At University Politehnica of Bucharest, the Bachelor’s curriculum includes two operating system courses: the first one, in the third year, teaches the fundamental principles common to all operating systems: processes, virtual memory, I/O. The second course is optional and is taught in the fourth year. Despite its name, the course, ‘Advanced Operating Systems’, is a course about writing Linux drivers.
I can’t believe it’s already the middle of December! As I reflect on our contributions over the year, I can’t be more proud of my team of employees, contractors, and volunteers, who are passionate about FreeBSD and dedicated to supporting the FreeBSD Project and community.
Last year, we spoke about the Foundation’s new co-op program in conjunction with University of Waterloo. Introducing people to FreeBSD is an important part of the Foundation’s mission. We were pleased to continue the program in 2018 and even more excited when one of the first interns became a full-fledged committer.
Thanks to the FreeBSD Foundation, I was able to attend MeetBSD, my first BSD conference and second open source conference ever. It was an amazing experience. As someone who lives in a remote rural area, the ability to directly interact with like minded people is invaluable. While learning is a huge part of conferences, the interaction with the community is vital too. The community is what makes the FreeBSD project what it is today, a thriving success, full of extremely motivated people. It was so much fun being able to see and converse with people I’ve read blog posts about or talked to online. I came to BSD for great performance and security, but I am staying for the community. My flight arrived at the San Jose International Airport just after noon on the 18th. It was a long day getting there, but it was worth it.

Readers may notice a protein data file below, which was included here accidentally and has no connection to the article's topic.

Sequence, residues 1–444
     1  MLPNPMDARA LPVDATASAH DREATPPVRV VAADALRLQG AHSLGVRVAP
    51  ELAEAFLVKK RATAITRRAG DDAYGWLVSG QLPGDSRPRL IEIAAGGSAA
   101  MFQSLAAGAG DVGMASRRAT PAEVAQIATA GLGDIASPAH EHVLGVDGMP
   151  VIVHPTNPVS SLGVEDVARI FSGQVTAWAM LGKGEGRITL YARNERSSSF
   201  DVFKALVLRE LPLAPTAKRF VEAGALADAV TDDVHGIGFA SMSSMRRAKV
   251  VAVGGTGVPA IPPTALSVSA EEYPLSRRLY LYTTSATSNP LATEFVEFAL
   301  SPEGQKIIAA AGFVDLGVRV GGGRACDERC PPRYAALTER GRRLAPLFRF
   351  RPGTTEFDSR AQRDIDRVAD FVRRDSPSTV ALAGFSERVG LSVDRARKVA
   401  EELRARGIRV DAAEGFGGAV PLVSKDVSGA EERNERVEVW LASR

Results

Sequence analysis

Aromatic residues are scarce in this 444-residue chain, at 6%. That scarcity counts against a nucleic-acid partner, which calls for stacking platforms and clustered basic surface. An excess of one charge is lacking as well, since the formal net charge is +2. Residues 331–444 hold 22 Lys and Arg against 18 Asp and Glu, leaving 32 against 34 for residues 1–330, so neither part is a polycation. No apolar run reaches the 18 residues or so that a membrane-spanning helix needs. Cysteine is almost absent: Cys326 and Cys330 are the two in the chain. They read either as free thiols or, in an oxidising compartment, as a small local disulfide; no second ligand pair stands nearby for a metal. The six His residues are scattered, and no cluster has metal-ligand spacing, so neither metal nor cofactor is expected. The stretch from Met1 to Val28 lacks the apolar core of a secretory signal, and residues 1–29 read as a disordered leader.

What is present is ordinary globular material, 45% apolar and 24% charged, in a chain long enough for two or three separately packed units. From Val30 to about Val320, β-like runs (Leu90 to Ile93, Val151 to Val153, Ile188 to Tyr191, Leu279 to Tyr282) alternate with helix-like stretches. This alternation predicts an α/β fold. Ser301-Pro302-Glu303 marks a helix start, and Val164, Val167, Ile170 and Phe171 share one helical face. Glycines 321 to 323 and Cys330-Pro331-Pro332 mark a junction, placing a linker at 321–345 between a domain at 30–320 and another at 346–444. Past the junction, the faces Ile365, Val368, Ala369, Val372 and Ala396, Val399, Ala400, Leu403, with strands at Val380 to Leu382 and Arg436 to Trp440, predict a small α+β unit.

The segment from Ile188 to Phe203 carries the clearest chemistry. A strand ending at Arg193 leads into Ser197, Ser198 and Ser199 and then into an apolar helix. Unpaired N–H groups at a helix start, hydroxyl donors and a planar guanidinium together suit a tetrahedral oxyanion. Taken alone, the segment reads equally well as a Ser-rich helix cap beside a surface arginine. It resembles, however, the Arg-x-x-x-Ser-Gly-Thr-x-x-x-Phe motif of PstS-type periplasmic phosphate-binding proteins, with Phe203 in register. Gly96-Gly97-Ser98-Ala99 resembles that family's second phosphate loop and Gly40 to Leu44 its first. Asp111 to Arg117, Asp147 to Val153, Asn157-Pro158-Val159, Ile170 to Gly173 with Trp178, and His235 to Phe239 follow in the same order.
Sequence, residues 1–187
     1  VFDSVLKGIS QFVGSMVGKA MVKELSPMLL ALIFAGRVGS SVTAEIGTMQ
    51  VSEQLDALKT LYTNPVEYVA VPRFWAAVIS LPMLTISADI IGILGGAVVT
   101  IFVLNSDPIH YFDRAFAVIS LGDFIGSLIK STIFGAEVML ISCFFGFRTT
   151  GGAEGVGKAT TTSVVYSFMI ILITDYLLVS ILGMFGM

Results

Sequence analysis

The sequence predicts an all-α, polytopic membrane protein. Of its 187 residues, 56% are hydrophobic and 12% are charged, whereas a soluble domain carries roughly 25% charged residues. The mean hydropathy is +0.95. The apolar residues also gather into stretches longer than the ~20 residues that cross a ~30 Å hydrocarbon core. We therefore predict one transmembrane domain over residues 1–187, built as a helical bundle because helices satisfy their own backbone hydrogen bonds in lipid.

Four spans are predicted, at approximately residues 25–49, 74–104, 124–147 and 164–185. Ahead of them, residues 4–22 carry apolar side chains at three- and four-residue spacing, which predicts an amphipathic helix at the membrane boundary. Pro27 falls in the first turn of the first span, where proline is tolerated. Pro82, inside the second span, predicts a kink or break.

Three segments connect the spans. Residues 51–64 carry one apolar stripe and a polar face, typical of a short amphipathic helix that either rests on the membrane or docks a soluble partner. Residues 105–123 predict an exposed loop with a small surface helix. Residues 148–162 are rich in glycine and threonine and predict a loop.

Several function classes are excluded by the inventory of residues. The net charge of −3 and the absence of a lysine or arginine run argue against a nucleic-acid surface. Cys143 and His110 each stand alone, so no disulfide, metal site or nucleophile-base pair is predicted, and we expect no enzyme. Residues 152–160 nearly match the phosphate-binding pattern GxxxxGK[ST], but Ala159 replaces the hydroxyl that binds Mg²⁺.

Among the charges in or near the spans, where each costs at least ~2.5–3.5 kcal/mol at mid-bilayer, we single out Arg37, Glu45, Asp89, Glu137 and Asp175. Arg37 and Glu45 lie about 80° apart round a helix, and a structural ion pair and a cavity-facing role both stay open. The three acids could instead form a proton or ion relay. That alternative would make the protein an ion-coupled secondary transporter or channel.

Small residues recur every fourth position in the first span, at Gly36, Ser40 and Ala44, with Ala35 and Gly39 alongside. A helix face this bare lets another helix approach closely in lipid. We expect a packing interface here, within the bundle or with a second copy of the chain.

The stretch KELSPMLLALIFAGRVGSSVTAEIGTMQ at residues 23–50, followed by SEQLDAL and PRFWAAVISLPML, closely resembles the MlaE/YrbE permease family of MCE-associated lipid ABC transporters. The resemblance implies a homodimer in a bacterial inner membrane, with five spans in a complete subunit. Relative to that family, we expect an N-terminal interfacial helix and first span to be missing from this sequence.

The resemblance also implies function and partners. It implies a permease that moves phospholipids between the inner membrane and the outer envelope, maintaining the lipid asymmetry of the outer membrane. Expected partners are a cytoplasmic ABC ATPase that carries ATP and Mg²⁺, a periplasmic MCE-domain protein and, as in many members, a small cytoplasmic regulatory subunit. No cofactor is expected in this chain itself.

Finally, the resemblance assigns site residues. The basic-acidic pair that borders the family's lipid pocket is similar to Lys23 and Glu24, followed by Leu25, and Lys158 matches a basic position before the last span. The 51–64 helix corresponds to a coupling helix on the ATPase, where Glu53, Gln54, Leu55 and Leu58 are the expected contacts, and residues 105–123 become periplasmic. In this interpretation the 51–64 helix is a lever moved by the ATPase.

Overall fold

I wish to extend my thanks to the FreeBSD Foundation for the travel grant which allowed me to attend MeetBSD 2018 as a representative of the Release Engineering team. I would also like to thank Michael Dexter and iXsystems for advancing the funds, and making travel and hotel arrangements to accommodate my stay in Santa Clara for the event. Furthermore I would like thank Sabina Anja, Sean Chittenden, Brad Davis, Michael Dexter, and Michael Lucas who paid for various meals throughout the conference.
Thanks to the FreeBSD Foundation, I was able to travel to the Bay Area to attend MeetBSD 2018, and the attached FreeBSD developer summit. This was my second time attending the conference after the last one in Berkeley in 2016; MeetBSD 2018 was held at Intel’s Santa Clara campus. As usual, the conference was a welcome opportunity to see colleagues and meet newcomers to the FreeBSD community, and I’m grateful to the Foundation for having made it possible for me to attend.
An ongoing project in FreeBSD is the migration to a permissively licensed, modern tool chain. The Foundation has sponsored portions of this work over the last several years, and is now helping form a plan to address the collection of outstanding issues scattered across a number of areas. A tracking PR is open to identify all of the individual issues as dependencies.
On November 1 and 2, I had the opportunity to attend the Rocky Mountain Celebration of Women in Computing, in Denver, Colorado. I was thrilled to finally advocate for FreeBSD at a local conference!
It’s almost here! Tomorrow, November 27, is #GivingTuesday. Now in its seventh year, #GivingTuesday is a global event that brings together diverse communities to foster giving.
Last month I attended EuroBSDCon and the preceding FreeBSD Developer Summit. Both events were held at the University Politehnica of Bucharest, Romania. The two-day developer summit was a productive, face-to-face opportunity for contributors from various parts of the project to work together discussing ideas, and working on plans and solutions for improving FreeBSD, processes, and developer support.